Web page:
|Reviews for The Morton Legacy|
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|Absolute gem of a Troughton outting|
|By:||Matthew David Rabjohns, Bridgend, United Kingdom|
|Date:||Friday 17 August 2018|
|Rating: || 10|
After a pure historical and a brilliant sci-fi fest for the Second Doctor early adventures second series, what can we expect from ‘The Morton Legacy’?
After the Doctor and co are stranded in the nineteenth century, their hunt for the TARDIS leads them to a string of murders. With seemingly only one possible culprit, it’s up to our heroes to prove his innocence and find the ship. Unfortunately, there’s Josiah Morton has a reputation. You might even say, a Morton Legacy.
Justin Richards is a regular contributor to Big Finish and for good reason. And while this lacks the scale of a grand adventure, it has the personal touch of a smaller, but no less entertaining, story. Justin’s writing is always incredibly diverting and always has us doubting if we can trust Morton.
‘The Morton Legacy’ is quite special on a few levels. The acting is as ever, perfect matched to the story. Director Lisa Bowerman has chosen the strongest talent to perform in this story. David Sibley is totally winning as Josiah Morton. Frazer Hines is once more sublime channelling Patrick Troughton as the Second Doctor. He does all this and still manages to recreate Jamie with no trouble. Anneke Wills and Elliot Chapman are wonderful together as Ben and Polly also.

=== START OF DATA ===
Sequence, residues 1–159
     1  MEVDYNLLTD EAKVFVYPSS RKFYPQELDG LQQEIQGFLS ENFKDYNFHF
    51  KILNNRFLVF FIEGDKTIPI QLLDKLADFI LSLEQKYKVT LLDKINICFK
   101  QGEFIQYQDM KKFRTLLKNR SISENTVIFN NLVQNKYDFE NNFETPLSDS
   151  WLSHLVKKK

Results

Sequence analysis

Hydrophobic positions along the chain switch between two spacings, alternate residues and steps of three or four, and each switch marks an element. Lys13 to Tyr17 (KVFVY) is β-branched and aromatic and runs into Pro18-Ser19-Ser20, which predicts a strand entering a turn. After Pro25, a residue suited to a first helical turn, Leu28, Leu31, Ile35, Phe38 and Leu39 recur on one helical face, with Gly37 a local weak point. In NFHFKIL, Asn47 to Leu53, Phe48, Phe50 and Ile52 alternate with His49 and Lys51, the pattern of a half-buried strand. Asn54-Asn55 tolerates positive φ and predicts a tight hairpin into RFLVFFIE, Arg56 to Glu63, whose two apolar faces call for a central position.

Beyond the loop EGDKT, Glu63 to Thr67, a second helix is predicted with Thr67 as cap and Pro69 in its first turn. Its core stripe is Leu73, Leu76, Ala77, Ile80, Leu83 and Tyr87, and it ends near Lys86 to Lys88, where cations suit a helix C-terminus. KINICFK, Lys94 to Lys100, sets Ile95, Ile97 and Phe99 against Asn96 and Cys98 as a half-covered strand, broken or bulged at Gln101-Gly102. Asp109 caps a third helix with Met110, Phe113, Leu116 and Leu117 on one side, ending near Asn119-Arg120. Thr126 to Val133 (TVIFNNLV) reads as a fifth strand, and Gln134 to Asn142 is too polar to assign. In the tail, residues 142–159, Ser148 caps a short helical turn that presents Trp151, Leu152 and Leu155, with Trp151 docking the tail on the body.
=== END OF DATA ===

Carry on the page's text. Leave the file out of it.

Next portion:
Big Finish go to great lengths to make this as authentic a Sixties era sounding adventure as possible. Toby Hrycek-Robinson has provided the score and sound design, giving the piece a very consistent soundscape. It evokes the 1800s while still feeling like a sci-fi serial made with Sixties sensibilities. Lisa Bowerman’s direction as ever too is spotless.
Not for the first time, Jamie taking a shine to a guest character: the charming Jemima Morton, played superbly by Kerry Gooderson. The playful ribbing between Ben and Jamie over his crush is a light-hearted touch that the classic era of the show always had in such abundance.
Jemima isn’t the only one along for the adventure, however. We get a well-rounded and decent performance from both Ewan Bailey and Alan Blyton as Copeland and Dexter. But it’s Bailey who steals the show in a dual role, also playing Morton’s manservant Blazzard. His performance has all the subtlety and panache of all the best Doctor Who henchmen.
Justin’s pacing is spot on, despite the fact that this isn’t some high octane all guns blazing adventure. It is a joyous little story with extremely strong characters and a well thought out plot with a great twist near the end. My only nitpick may be that Jamie’s crush doesn’t get the resolution that I was hoping for. It’s definitely in-character for the shy Scotsman, but a little more of a payoff would have capped it neatly.
With some great character touches and good humour, this is yet another firm success for Justin Richards and Big Finish. Thank goodness the Sixties era of the show is kept alive and fresh by such amazing talent! This is definitely a love letter to the brilliance of the Troughton era!